Volodymyr Vasylyna's Website

Conversion rate optimization is not a panacea

Most of those who somehow address the topic of conversion rate at work don't really control it. Be it website-specific, or offline. It's a common temptation, especially in areas like A/B testing or UX improvements, to promise an increase in conversion rate from X to Y.

But we need to pause here. The conversion rate reflects absolutely everything about the business: market dynamics, customer experience, competition, branding, pricing, promotions, inventory, operations, and more. Can you truly claim responsibility for all that unless you're the CEO?

Activities like conversion rate optimization can incrementally boost conversion rates, but what about other factors potentially dragging it down? There's a widespread misconception that sees conversion rate as synonymous with the website itself, leading to misguided efforts like full website redesigns to boost conversion rates. Although usually the website's impact on this metric is minimal, especially in non-ecommerce businesses.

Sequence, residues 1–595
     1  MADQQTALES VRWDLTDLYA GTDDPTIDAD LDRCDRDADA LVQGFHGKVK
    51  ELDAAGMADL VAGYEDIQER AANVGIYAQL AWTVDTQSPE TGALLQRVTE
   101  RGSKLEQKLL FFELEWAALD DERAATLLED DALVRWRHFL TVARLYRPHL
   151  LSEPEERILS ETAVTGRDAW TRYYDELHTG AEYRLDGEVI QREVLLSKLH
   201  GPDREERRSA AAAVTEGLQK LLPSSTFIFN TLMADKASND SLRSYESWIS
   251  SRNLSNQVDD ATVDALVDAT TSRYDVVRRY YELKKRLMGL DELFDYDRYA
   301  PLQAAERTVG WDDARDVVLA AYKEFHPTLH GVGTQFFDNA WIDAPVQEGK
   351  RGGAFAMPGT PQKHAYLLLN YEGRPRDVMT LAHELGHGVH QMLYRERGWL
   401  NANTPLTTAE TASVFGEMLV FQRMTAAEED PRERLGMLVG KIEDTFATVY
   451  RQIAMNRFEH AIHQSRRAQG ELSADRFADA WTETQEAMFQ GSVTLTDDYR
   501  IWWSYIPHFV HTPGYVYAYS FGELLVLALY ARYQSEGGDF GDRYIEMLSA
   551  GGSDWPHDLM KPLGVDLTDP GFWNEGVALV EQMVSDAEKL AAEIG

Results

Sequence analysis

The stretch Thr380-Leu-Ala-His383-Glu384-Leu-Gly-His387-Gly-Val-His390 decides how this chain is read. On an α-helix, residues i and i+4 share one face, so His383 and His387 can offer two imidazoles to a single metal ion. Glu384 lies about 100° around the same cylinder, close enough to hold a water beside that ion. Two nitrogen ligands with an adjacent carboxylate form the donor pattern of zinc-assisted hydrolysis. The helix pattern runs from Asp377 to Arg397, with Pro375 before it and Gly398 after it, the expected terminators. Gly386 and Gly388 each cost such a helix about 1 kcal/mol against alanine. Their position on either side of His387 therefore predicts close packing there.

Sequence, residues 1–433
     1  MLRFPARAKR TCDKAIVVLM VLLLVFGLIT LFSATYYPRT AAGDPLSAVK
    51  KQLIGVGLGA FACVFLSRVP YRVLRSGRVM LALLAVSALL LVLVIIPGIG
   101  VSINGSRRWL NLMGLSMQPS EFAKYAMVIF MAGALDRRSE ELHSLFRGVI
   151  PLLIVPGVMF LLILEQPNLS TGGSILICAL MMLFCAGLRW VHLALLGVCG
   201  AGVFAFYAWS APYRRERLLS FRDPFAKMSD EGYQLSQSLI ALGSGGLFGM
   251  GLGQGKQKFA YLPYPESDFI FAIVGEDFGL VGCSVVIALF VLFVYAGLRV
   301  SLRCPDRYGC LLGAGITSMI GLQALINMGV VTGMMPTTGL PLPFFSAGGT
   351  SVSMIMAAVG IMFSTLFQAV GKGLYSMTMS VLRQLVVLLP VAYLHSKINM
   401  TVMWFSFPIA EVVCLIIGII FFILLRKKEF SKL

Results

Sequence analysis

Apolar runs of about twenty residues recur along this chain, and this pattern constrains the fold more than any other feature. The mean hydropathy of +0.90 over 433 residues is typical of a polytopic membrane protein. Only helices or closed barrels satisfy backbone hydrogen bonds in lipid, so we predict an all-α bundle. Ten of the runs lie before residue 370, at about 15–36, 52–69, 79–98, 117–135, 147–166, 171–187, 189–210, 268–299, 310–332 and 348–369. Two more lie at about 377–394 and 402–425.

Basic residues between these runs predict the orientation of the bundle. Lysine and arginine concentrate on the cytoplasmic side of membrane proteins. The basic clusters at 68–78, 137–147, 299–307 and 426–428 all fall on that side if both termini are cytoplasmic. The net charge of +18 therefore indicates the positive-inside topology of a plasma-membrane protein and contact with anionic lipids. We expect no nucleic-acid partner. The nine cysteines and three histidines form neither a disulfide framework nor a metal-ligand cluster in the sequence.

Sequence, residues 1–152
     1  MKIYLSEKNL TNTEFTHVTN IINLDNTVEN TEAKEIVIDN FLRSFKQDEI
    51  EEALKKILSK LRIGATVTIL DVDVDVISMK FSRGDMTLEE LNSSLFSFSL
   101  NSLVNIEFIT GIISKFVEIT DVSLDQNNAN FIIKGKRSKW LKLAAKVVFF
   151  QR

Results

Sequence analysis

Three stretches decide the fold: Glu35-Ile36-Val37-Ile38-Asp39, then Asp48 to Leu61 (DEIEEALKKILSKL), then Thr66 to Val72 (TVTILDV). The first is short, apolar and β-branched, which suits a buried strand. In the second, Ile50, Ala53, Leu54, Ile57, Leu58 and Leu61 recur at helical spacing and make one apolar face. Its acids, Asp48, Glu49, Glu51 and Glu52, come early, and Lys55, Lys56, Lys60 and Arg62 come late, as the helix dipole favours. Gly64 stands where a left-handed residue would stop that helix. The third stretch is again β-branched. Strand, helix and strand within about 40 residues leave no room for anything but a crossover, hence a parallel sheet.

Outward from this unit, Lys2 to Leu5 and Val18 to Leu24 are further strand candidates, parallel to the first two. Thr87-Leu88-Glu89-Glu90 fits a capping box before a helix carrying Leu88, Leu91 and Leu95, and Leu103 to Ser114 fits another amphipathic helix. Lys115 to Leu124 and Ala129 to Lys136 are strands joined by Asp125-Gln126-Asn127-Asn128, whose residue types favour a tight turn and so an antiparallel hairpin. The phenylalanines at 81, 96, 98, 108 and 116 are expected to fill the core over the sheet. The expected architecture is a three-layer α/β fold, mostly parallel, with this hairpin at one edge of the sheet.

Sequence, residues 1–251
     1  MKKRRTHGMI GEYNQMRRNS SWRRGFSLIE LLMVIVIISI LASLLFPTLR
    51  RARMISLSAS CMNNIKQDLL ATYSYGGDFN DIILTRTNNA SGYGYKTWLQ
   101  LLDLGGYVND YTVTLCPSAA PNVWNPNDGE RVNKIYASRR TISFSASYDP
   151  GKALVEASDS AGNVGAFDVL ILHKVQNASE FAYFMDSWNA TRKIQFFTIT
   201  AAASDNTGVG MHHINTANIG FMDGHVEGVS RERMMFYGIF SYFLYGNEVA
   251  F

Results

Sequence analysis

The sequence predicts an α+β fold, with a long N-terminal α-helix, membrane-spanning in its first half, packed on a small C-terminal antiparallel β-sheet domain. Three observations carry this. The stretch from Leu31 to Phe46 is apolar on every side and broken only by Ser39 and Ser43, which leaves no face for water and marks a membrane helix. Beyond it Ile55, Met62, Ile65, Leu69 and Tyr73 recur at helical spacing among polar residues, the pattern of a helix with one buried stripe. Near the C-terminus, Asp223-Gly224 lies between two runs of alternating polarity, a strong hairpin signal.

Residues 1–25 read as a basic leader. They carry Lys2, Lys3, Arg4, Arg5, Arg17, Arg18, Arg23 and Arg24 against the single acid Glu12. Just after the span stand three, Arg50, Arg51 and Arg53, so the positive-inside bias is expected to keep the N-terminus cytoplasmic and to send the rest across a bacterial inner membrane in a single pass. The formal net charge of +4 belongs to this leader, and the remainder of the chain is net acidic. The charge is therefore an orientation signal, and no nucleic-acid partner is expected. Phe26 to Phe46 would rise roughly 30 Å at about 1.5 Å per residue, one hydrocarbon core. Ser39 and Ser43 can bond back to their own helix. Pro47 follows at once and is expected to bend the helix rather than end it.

Now, regarding the crucial point about conversion rate: I've encountered countless situations where someone asks, "How much can we improve our conversion rate?" Earlier, I felt pressured to fabricate impressive numbers, which is clearly not ethical. Later on, I adopted a more cautious approach, stating that while improvements are likely, guarantees are impossible.

However, I've since learned a better way to address this common question. Refusing to provide a specific percentage or magic number doesn't evade accountability. Think of conversion rate as a complex puzzle with numerous pieces – market dynamics, competition, branding, pricing, deals, etc. Conversion optimization certainly plays a role, but it's not a cure-all solution.

Thoughts? Leave a comment